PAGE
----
Scottish National Dictionary (1700–)

Hide Quotations Hide Etymology Cite this entry

WRANG, adj., n., v. Also werang (Ags. 1853 W. Blair Aberbrothock 62), warang (Peb. 1838 W. Welsh Poems 59); vrang (Abd. 1804 W. Tarras Poems 117; m.Lth. 1857 Misty Morning 7; Mry. 1873 J. Brown Round Table Club 90; Abd. 1956 People's Journal (28 Jan.) 2), vrong (Edb. 1826 Lockart Scott lxvi.). See V, letter, 3.(1), W, letter. Sc. forms and usages of Eng. wrong. [rɑŋ; ne.Sc.. ‡vrɑŋ]

I. adj. 1. As in Eng.; (1) in combs.: ¶(i) wrang-deedie, ill-doing, wicked. Cf. Ill-deedie; (ii) wrang-gaites, in the wrong direction, going the wrong way, against the sun. See Gate, n., 1.(2); ¶(iii) wrang-ganger, a transgressor, evil-doer; (iv) wrang spy, a children's game (see quot.). Cf. Hi-spy; (v) wrangways, wrongly, incorrectly, the contrary way (Sh., ne.Sc. 1974). (i) Sc. 1871  P. H. Waddell Psalms cxxix. 4:
The rightous Lord, he sned the cord o' that wrang-deedie crew!
(ii) Sc. 1806  R. Jamieson Pop. Ballads I. 210:
He's tied his steed to the kirk-stile, Syne wrang-gaites round the kirk gaed he.
(iii) Sc. 1871  P. H. Waddell Psalms li. 13:
Wrang-gangers syne I sal airt yer ain gate.
(iv) Abd. 1938  Abd. Press & Jnl. (26 March) 6:
Wrang Spy was something similar. One boy remained in the dell, the others dispersed and hid, often changing bonnets or jackets. The boy in the dell, after counting up to a given number, set off to hunt. When he saw another boy he had to call his name. If the name was correct, both raced for the dell, and the last home had to hunt. If the name was wrong the cry of “Wrang spy” was raised and the discomfited searcher had to return to the dell while the boys hid again.
(v) Sc. 1826  The Moss-Troopers I. vi.:
Willie's faither aince, to misguide Percy, had a' the horses shoon set wrangways on.
Abd. 1970  :
Ye've screwed it wrangweys on.

(2) in phrs. (i) on the wrang side o the blanket, — ¶sheet (Abd. 1877 G. MacDonald M. of Lossie iv.), out of wedlock, through illegitimacy. Gen.Sc.; (ii) the wrang side o the bannock, an inhospitable welcome, a meagre reception; (iii) to come wrang (to), to come amiss (to), to be out of place or unwelcome (for), to disconcert or put about, only in neg. expressions (Sh., n.Sc., em.Sc. (b), Lnk. 1974): (iv) to fa wrang (to or till), of a woman: to lose her virtue, be seduced (by) (Dmf. 1974); (v) to gae wrang, of food etc.: to go “off”, to decompose (I., ne.Sc., Ags., Per. 1974); (vi) to get the wrang soo by the lug, to be in error. See. Lug, n.1, 8.(13); (vii) to pit a fit wrang, in neg. sentences: to make a blunder or error in judgment or tactics. Gen.Sc.; (viii) to rise aff one's wrang side, to get up in a bad temper (Ayr. 1896 H. Johnston Dr Congalton xii.; I.Sc., Abd., Ags., Per. 1974). Cf. colloq. Eng. to get out of bed on the wrong side, id.; (ix) to tak (one) wrang, to come inopportunely to (a person), catch unprepared: (x) to say a wrang word, in neg. expressions: to use harsh, unjust or improper language (I.Sc., n.Sc., Per. 1974). (i) Sc. 1771  Smollett Humphrey Clinker (Jenkins-Jones 14 Oct.):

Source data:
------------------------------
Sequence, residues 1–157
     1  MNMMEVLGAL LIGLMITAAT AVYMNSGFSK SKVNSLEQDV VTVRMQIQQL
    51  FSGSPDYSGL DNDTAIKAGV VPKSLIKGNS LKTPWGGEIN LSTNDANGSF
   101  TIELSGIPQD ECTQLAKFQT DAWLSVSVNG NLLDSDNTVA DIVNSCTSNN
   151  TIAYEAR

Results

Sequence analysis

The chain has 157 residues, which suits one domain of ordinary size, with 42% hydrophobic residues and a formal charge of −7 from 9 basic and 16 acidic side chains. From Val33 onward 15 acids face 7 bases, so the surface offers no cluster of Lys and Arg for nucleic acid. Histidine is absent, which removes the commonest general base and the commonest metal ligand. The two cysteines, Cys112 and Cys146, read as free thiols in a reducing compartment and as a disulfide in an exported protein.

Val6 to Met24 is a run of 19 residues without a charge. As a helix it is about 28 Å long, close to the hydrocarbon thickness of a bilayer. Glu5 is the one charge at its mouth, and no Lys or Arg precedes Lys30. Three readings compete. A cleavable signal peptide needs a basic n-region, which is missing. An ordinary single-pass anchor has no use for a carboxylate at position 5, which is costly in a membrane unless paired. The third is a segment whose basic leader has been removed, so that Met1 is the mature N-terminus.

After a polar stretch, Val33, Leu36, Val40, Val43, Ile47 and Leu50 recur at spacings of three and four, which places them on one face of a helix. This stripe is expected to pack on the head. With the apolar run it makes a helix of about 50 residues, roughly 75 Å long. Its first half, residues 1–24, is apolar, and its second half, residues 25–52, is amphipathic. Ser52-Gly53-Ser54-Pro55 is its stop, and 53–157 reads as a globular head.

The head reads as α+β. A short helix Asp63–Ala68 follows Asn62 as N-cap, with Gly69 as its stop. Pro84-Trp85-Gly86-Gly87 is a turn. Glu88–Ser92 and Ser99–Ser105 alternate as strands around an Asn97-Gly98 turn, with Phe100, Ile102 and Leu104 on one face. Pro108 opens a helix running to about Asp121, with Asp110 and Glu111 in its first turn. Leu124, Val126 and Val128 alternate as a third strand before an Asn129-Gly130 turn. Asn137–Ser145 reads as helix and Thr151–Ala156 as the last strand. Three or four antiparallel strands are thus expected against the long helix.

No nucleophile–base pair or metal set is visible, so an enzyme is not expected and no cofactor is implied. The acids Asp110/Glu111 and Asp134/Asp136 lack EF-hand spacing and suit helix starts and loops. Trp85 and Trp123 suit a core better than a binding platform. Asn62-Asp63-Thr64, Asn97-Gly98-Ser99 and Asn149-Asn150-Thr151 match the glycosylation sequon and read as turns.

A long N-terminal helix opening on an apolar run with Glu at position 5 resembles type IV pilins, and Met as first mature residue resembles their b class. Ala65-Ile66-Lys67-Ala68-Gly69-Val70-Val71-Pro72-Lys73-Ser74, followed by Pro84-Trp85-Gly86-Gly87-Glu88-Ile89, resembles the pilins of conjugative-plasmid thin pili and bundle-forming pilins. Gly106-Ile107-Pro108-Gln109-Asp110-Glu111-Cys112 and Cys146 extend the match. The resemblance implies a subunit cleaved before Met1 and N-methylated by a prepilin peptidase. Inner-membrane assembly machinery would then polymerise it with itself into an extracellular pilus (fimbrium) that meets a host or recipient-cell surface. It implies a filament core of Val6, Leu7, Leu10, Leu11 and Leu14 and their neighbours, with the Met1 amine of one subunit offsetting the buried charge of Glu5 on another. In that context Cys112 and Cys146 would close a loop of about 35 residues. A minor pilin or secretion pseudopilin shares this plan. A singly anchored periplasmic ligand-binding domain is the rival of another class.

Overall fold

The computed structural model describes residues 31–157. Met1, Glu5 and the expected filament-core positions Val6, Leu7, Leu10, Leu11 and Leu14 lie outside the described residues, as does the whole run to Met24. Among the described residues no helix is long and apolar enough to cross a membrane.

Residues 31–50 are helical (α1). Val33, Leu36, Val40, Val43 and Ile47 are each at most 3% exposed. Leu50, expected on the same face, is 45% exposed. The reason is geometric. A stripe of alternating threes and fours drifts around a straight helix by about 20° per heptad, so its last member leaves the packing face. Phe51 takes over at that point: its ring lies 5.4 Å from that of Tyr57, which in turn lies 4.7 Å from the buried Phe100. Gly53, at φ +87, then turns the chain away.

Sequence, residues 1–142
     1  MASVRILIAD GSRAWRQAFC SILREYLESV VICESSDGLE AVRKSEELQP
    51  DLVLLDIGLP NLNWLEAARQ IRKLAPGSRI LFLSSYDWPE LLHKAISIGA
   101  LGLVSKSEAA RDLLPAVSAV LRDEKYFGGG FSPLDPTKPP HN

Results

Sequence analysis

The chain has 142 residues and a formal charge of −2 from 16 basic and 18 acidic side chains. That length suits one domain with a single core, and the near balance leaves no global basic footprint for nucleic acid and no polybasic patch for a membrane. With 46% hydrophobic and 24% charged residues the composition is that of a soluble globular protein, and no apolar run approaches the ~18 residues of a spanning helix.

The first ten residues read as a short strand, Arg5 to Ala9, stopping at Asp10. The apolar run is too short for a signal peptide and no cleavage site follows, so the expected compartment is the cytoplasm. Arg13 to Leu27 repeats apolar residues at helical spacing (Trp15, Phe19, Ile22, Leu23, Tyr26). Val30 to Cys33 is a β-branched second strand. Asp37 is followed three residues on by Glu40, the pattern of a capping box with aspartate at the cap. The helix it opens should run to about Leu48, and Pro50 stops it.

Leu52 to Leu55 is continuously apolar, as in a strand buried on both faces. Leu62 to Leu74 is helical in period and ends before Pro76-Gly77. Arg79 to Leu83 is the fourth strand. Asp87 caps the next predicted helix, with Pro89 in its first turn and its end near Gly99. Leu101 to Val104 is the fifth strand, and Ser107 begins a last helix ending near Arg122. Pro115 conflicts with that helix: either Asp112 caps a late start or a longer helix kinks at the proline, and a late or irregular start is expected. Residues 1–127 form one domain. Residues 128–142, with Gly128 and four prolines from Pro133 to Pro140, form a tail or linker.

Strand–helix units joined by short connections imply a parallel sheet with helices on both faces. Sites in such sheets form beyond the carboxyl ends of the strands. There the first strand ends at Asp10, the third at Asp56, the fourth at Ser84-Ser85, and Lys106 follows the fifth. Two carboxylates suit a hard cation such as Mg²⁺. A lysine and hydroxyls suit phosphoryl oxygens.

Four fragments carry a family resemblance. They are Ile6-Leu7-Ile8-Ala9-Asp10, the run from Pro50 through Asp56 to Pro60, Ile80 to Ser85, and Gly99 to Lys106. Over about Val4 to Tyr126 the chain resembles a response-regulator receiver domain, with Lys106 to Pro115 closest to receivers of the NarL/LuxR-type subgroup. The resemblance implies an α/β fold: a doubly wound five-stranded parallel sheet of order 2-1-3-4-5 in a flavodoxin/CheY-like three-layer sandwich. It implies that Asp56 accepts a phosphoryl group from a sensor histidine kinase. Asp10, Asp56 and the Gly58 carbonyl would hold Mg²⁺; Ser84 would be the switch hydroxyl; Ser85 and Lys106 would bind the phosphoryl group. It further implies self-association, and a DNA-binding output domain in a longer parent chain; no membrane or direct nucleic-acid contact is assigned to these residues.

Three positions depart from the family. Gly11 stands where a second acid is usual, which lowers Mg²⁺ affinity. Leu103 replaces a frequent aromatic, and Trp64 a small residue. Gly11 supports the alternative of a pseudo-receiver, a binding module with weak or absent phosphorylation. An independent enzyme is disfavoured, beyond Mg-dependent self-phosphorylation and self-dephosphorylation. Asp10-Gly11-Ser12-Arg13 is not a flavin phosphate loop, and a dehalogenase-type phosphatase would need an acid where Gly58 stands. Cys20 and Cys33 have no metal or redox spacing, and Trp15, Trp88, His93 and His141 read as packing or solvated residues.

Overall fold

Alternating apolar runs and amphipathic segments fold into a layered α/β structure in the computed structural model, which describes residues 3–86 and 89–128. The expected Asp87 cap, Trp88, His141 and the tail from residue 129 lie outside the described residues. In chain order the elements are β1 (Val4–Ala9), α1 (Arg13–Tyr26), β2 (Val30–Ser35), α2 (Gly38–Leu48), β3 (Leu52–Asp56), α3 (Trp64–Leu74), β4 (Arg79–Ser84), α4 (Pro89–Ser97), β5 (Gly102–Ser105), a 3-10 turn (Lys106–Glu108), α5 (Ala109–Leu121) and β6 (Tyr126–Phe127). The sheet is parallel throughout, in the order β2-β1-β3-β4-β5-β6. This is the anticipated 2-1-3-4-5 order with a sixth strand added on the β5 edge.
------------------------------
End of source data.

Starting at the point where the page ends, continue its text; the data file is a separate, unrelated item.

My mother was an honest woman. I didn't come on the wrong side of the blanket.
Sc. 1815  Scott Guy M. ix.:
Frank Kennedy was a gentleman, though on the wrang side of the blanket.
Abd. 1930  :
My loon's jist as weel to be seen as him tho he maybe wis gotten on the vrang side o the blanket.
(ii) Sc. 1896  L. Keith Indian Uncle i.:
Gin he's a freend o' oor Adam's, it's no the wrang side o' the bannock he'll get here.
(iii) Ags. 1853  W. Blair Aberbrothock 80:
Naething cam werang to Nelly; she was a'body's body.
Abd. 1868  W. Shelley Wayside Flowers 131:
For sin' our bridal day was set Nae woman-wark comes wrang to me.
(iv) Wgt. 1877  “Saxon” Gall. Gossip 384:
If a lass ‘fa's wrang', she is seldom married till after she is a mother.
Kcb. 1901  R. Trotter Gall. Gossip 431:
Whun it cam oot yt she had fa'en wrang till him, he bribet Paul tae mairy her aff his hands.
(v) Sc. 1882  J. Ogilvie Imperial Dict. s.v. Go, v. 18:
To go wrong, to become unsound, as meat, fruit, etc.
Abd. 1909  G. Greig Mains's Wooin' 52:
He's a corp! There's a stane gaun up till 'im in the kirkyaird. He's gaun wrang, fest.
(vi) Wgt. 1878  “Saxon” Gall. Gossip 190:
Ye've got the wrang soo by the lug this time.
(viii) Mry. 1873  J. Brown Round Table Club 268:
Ye hae sheerly risen aff yer vrang side this mornin'.
(ix) Fif. 1883  W. D. Latto Bodkin Papers vi.:
Thinkin' he was aboot to order a new suit frae me, “Weel, sir, ye can never tak' me wrang for that, except on the Sabbath day.”
(x) ne.Sc. 1973  :
I never heard him say a wrang word til 'er or til onie ither bodie for that maitter.

2. Of a person, limb, etc.: crooked, deformed, misshapen, twisted, out of joint (Abd. 1974). Obs. in Eng. Ags. 1833  J. S. Sands Poems 84: